For it is because there was a modicum of organization along community lines that the "Olympics" caught the imagination of some communities - the imagination boggles, as Dickens put it, when you consider the electrifying impetus sport in this country will get if national football, cricket, basketball, tennis, hockey, netball and all the other sports were organized: community against community.
For what the complaints and grouses of 1972 have demonstrated is that the recognised agencies for handling sport have not an inkling of an idea - either of the hold that sports has on the country, or indeed even what kind of sports are most suited to the communities.
If not, how come in 1972 there has not been a programme to dot the nation with basketball courts? The old escape clause of lack of space cannot be cited because all over there are plots of land that can be converted into basket-ball and netball courts.
Imagine Laventille, Waterhole, Chaguanas, Couva, Lambeau, Plymouth with a series of these courts, relieving the boredom that is the life of the unemployed, giving entertainment to the listless employed and an outlet to the skills and talents that abounds in the country - and you become aware that the absence of such a programme amounts to a lack of imagination that is criminal.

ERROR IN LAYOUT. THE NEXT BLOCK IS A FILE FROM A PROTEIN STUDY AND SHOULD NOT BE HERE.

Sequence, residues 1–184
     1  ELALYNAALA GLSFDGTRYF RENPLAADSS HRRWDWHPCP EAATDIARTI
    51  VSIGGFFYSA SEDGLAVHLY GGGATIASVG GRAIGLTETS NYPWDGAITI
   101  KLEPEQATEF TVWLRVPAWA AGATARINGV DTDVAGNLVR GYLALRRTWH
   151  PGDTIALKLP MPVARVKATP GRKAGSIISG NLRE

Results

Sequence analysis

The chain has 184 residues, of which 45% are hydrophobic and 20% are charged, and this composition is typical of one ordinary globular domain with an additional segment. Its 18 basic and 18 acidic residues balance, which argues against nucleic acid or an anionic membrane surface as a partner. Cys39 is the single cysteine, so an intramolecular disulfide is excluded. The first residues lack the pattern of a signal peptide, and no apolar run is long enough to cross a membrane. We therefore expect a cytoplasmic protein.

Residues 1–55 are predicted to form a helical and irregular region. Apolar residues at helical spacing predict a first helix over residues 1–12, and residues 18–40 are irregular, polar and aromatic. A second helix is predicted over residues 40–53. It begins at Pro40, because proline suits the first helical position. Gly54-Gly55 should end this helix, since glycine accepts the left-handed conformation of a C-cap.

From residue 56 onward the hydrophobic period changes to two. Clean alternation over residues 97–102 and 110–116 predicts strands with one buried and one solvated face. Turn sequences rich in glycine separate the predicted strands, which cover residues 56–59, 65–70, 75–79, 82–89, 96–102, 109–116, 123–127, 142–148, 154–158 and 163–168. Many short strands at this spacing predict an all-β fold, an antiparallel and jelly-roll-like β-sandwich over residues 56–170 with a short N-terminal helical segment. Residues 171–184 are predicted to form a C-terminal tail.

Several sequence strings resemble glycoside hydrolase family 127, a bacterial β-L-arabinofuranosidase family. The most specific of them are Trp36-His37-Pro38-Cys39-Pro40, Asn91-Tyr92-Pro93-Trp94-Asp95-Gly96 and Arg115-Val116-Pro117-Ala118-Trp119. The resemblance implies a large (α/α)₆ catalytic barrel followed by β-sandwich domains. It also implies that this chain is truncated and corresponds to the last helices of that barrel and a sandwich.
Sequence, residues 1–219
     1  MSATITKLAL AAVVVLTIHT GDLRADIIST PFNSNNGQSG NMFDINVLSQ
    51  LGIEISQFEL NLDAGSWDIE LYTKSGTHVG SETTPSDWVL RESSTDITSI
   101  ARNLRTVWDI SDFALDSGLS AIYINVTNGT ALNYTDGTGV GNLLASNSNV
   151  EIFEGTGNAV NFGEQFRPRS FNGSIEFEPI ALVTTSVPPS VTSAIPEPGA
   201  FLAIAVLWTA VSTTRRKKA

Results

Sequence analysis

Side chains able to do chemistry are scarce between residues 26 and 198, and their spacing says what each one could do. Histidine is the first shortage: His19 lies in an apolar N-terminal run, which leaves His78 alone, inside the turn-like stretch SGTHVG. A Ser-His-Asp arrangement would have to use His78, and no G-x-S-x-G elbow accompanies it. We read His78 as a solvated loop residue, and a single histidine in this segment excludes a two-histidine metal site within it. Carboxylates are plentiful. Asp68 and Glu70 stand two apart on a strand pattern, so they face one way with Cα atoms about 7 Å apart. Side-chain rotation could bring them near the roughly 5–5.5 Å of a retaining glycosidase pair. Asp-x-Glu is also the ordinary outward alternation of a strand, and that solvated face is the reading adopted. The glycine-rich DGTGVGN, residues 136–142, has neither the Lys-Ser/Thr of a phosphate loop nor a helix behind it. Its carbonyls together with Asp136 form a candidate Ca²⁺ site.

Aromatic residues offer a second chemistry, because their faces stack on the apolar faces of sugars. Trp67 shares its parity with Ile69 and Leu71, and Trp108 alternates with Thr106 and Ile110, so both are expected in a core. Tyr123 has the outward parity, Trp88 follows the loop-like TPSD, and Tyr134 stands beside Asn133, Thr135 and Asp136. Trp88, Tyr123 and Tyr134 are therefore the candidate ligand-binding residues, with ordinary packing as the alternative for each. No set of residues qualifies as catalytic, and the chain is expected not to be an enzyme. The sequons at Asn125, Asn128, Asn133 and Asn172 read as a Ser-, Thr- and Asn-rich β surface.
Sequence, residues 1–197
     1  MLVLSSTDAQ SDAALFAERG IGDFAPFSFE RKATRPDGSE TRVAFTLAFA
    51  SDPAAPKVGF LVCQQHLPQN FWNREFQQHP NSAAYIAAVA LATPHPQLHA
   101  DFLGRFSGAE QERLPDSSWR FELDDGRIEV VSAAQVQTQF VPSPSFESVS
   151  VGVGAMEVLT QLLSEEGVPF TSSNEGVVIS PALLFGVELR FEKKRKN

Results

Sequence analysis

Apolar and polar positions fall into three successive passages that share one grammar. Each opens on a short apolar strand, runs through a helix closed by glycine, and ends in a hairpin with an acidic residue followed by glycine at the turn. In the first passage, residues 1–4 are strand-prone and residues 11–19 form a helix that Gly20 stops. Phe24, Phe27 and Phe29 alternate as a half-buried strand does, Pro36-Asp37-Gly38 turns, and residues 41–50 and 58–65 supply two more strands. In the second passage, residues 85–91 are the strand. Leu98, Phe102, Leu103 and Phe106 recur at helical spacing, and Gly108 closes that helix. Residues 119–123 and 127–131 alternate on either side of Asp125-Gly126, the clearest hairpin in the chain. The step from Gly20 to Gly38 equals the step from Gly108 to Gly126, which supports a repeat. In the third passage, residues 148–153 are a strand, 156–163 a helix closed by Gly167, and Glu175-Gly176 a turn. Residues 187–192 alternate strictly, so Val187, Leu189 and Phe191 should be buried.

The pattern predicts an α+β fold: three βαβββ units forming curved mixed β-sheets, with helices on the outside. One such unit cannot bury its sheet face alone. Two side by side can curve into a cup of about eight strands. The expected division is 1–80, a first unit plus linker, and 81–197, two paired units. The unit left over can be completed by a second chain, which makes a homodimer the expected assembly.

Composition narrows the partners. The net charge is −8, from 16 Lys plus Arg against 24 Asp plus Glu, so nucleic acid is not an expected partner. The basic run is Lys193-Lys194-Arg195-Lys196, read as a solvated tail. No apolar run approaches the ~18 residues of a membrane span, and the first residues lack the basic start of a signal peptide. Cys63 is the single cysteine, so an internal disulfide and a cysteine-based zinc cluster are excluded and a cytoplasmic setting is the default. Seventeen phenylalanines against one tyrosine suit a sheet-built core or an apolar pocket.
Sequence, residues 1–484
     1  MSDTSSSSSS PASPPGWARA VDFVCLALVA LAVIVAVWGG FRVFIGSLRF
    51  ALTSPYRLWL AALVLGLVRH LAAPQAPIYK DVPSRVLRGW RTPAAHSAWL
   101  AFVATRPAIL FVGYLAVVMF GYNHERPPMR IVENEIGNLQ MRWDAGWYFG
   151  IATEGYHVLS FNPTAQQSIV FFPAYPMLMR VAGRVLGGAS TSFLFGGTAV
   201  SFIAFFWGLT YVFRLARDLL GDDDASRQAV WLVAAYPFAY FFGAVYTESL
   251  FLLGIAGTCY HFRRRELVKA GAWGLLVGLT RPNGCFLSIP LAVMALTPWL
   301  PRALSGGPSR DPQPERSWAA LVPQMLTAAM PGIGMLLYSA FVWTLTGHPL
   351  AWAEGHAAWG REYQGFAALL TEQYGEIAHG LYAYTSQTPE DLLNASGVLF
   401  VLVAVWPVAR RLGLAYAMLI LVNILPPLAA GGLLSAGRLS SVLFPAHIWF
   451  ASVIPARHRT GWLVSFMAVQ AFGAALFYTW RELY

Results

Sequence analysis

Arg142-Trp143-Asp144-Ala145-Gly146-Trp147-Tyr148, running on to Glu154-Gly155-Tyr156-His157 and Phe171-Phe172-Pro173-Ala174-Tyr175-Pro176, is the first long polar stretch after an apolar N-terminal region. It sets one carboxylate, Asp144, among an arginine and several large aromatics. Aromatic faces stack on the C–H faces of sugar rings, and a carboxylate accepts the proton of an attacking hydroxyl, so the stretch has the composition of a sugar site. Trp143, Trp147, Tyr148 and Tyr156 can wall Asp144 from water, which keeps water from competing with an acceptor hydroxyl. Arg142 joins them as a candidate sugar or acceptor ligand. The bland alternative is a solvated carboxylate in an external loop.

And the neglect in 1972 is not limited to basket-ball.
Guyana beat the arse off us in table tennis in this year's Caribbean Championships. In Queen's Hall we found out that the game had leaped ahead of us but still our players suffer from a lack of exposure and a resulting lack of awareness of the trends in a game that, perhaps, more than any other, is in the throes of a revolutionary development.
Still on pieces of ply-wood under houses and in the open air, the youths are smashing and chopping, most of them doing it badly, because there is not channel for Stephen Wade or "Reds" Mulligan or Joey Gonsalves or Derek Da Silva to pass on the rudiments of the game which they have all learned.
That is why in 1972, as indeed in the past years, it is always the same players as if they have somehow gained for themselves a monopoly in the game. It seems that we have no sense of continuum here, so that the Press instead of wondering why Maple and Malvern have to resort to people like Arthur Browne and Alvin Corneal gush about the veteran "stars".